Why need to specify generic type when the type is optional

struct Test<T = String>{

fn main() {
    let f = Test{

since I've give the default T is String, why need to specify the type when use Test struct?

Inference does not consider type defaults (so far), basically.

You can

let f: Test = Test { foo: None }
let f = Test { foo: None::<String> }

#[derive(Debug, Default)]
//              ^^^^^^^
struct Test<T = String>{

// ...
let f = <Test>::default();

Or various other workarounds.


thanks for your note, it seems also verbose, I'll just pass whatever type to work around

Why does this last version work with the angle brakets but not without?

Default values for generic parameters have only one effect: they allow you to omit the generic parameters when writing down the type. You don't write the Test type anywhere, so the default is not used anywhere.

As a rule of thumb, if you have some code that would still compile without "you need to specify this generic parameter" errors when you remove the default, then adding a default has no effect on that code.


add type annotations after variable can omit the generic parameters,

let f:Test = Test{

I thought it could infer by compiler and I can omit generic parameters at the right part

The Github comment I linked is an explanation about that in particular.

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Ah yes. It's quite a well-written answer. I'll copy it here for reference:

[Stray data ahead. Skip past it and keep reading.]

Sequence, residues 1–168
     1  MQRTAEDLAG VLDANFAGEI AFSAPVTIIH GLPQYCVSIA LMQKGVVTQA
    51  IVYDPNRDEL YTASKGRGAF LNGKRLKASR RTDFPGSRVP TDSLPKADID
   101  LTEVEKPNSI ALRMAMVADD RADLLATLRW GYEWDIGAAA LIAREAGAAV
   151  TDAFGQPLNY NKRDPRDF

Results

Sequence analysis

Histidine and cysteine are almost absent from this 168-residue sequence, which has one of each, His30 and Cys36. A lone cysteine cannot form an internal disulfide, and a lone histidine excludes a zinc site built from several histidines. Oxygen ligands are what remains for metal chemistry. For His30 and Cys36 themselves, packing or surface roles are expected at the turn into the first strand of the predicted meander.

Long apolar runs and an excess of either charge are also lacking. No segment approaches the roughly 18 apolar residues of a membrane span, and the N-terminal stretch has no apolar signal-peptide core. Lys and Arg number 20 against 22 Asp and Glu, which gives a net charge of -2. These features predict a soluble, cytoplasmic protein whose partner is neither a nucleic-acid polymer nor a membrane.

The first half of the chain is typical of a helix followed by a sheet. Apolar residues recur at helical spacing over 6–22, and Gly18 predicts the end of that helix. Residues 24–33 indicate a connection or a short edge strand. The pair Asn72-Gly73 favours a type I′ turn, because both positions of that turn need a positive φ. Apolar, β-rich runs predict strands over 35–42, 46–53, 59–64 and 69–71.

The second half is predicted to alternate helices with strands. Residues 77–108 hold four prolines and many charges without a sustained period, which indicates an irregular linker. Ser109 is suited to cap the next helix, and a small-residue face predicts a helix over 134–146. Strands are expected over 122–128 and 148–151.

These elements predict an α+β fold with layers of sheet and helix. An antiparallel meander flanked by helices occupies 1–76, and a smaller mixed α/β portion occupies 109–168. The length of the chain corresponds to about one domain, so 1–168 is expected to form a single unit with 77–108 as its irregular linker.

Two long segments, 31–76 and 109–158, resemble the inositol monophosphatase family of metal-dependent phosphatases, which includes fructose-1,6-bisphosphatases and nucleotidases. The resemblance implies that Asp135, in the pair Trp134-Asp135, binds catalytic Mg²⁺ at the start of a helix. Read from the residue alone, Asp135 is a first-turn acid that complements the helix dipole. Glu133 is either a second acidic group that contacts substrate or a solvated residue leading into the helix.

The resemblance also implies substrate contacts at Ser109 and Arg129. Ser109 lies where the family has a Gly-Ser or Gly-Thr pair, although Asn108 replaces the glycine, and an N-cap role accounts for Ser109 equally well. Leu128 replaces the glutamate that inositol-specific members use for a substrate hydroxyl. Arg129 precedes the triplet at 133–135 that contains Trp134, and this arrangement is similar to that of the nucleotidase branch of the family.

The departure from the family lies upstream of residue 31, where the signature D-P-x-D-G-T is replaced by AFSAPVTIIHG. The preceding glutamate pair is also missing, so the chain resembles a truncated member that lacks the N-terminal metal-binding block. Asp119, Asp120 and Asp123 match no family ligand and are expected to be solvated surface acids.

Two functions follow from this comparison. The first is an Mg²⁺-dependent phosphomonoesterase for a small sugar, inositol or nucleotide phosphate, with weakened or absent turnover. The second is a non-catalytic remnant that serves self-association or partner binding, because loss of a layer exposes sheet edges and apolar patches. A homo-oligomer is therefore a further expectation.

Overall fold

QuineDot commented on Dec 25, 2022

I did believe that T:: and <T>:: were equivalent, but it's not the case.

What's the difference between T:: and <T>::? Can somebody explain to me why this hack actually works?

Types in part of a (path) expression, like T::, use inference for all elided type parameters -- including defaulted ones -- and do not fallback to the defaulted type when running into ambiguity. That's pretty much what this RFC was about. So these are equivalent and cannot currently fallback to the defaulted type (and thus fail to compile):

    let _ = Foo::Baz;
    let _ = Foo::<_>::Baz;

Where as in type ascription location, you can't elide non-defaulted parameters, but if you elide defaulted parameters they take on the default value. (Then the inferred type parameter in the expression can be resolved from the ascription.) So these are all the same and compile:

    let _: Foo = Foo::Baz;
    let _: Foo<String> = Foo::Baz;
    let _: Foo = Foo::<_>::Baz;
    let _: Foo<String> = Foo::<_>::Baz;

And then we have <T>:: in an expression. The T in <T> is always a type -- on its own inside the <>, T is not part of an expression. Similar to type ascription, you can't elide non-defaulted parameters, but if you elide default parameters they take on the default value. So these are the same:

    let _ = <Foo>::Baz;
    let _ = <Foo<String>>::Baz;

<T> was introduced in RFC 0132, which also says that Foo::<_>::... is now equivalent to <Foo<_>>::.... And sure enough, these don't compile either, as the inference still does not fallback to defaults.

    let _ = <Foo<_>>::Baz;
    let _: Foo<_> = Foo::Baz;


  • In an expression position (where you need turbofish)
    • You can elide parameters whether they are defaulted or not
    • Elided parameters, with or without a default, will become fresh inference variables (_)
      • Which do not fallback to parameter defaults
  • In a type position (where you don't need turbofish)
    • You cannot elide non-default parameters
    • Elided default parameters will use the default, not inference
    • "Type position" includes type ascription and <T>
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